It consists of eleven principles. In brief: truthful reporting (I), respect of confidentiality (II), propriety in gathering news (III), respect of privacy (IV), professional integrity (V), originality or intellectual honesty (VI), respect for other persons (VII), upholding the presumption of innocence of the accused and protecting the reputation of minors and women (VIII), fair play among fellow journalists (IX), primacy of conscience (X), and personal decency toward professional dignity (XI).
Practicing journalists may not be all members of NUJP; but for their own good and that of the profession, non-NUJP members should strictly observe the Code.
Loyalty to Truth
There should be a twelfth principle, Loyalty to Truth, which may be stated: I shall be beholden to truth alone, never to the powerful and their spinmasters of lies and half-truth. I shall not be intimidated from adhering to it.
This is a timely response to the tendency and attempts of the Arroyo regime to control the media. Anywhere, anytime that freedom of the press is curtailed, truth is the ultimate victim.
In February last year, following the imposition of Presidential Proclamation 1017, Justice Secretary Raul Gonzalez proposed to discuss with media executives media guidelines under the state of emergency, reminiscent of the Marcos martial law rule. Had the media executives obliged, truth would have been the ultimate victim.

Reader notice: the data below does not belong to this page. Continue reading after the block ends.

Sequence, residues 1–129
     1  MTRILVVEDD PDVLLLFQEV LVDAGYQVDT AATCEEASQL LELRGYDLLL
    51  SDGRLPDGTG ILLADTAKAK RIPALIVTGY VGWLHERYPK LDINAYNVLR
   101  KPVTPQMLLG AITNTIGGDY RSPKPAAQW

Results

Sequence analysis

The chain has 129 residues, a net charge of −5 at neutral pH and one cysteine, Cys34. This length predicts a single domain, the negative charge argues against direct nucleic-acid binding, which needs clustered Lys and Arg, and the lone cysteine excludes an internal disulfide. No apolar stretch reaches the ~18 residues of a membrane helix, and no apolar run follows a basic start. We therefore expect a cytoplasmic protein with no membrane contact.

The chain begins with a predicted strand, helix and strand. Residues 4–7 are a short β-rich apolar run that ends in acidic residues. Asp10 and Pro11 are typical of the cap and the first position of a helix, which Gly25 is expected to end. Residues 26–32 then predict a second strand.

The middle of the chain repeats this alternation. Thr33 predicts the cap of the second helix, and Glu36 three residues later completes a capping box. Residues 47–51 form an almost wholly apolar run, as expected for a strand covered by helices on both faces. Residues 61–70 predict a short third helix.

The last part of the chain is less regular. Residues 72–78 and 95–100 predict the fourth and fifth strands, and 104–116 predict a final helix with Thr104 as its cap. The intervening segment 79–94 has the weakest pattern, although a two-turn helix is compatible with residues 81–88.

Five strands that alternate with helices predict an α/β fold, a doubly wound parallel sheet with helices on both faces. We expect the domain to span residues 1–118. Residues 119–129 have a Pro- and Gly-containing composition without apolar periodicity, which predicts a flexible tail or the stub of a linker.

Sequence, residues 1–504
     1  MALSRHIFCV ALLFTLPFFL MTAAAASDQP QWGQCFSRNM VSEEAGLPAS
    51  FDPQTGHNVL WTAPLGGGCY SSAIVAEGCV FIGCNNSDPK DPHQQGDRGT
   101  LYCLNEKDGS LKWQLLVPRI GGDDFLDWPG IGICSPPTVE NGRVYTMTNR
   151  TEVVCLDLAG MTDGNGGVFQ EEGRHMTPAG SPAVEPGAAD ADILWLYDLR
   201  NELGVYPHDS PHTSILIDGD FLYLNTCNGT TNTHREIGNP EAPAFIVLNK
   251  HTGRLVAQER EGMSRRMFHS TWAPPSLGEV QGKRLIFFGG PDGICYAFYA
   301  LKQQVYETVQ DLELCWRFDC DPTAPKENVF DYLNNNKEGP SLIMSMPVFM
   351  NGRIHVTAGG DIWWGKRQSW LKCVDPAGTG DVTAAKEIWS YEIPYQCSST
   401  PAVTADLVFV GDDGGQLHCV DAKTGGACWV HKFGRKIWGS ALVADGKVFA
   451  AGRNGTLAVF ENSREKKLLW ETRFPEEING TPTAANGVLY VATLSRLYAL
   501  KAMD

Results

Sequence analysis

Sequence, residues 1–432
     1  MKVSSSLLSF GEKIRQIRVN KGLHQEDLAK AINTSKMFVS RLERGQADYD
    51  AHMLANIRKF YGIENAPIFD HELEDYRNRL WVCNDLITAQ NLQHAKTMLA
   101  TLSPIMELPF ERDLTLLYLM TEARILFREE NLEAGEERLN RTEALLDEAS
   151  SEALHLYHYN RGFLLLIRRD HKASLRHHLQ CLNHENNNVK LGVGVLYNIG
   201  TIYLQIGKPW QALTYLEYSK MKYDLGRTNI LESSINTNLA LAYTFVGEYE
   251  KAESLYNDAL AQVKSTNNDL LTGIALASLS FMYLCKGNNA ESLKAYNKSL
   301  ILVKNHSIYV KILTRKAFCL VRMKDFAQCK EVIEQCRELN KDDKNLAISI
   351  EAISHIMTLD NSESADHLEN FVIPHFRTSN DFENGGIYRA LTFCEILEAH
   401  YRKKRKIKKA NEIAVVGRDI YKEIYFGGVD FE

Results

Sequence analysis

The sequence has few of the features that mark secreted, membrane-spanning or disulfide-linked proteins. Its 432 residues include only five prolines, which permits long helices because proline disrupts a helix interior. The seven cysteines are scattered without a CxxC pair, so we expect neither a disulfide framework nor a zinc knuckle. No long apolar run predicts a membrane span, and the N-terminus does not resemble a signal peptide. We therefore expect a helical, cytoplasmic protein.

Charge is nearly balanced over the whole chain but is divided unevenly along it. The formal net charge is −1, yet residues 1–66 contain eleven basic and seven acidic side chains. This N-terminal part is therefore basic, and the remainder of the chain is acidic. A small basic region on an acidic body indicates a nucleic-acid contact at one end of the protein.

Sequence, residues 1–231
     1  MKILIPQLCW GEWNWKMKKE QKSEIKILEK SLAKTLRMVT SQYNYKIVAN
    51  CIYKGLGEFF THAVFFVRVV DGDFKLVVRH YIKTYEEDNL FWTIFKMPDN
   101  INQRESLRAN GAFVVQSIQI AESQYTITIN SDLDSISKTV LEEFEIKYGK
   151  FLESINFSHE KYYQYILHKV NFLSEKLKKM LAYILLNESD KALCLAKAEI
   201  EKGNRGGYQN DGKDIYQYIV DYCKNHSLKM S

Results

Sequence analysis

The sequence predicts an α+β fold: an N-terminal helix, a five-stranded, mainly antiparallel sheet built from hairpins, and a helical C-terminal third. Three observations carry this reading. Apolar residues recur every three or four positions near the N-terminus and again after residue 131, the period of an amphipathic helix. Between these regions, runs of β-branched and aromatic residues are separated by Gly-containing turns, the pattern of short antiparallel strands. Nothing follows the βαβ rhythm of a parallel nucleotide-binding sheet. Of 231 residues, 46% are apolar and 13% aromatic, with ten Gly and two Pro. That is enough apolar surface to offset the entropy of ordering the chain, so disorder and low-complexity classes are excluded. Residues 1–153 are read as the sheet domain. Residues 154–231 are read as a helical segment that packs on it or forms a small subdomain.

President Gloria Macapagal-Arroyo wants to impose on media her definition of positive
and negative news, exhorting them to publish only the positive. Should media succumb, truth will be the ultimate victim.
When President Arroyo walked out of the press interview with the Inquirer she herself had called in Malacañang last February 9, her anger in public was intimidating, telling the Inquirer reporter that asking for the whole truth was being negative.
She has been bragging about the country’s spectacular economic growth, yet the benefits have not trickled down to the poor. She stated a contradiction. What’s the truth? She refused to explain.
With the next question, implying the truth of the “spectacular economic growth” – that the billionaires have remained billionaires while the poor have remained poor – her anger flared up; she rudely left the conference, hence, hushing up the truth.
The Twelfth Principle is a constant reminder that without truth journalism loses its meaning and purpose; when that happens, journalists become irrelevant. It commands the journalist to be adversarial.
To be adversarial is not to be negative. It is nothing more than showing the other side of the coin. When the veracity of statements and facts are doubtful, challenge it. That should be the attitude of an adversarial journalist.
Public officials, or anybody else, with skeletons in their closets, tend to hide the truth and there are many ways of hiding it. When a reporter smells the skeletons, he should do his best to pry the closet open to expose them – the other half of the truth.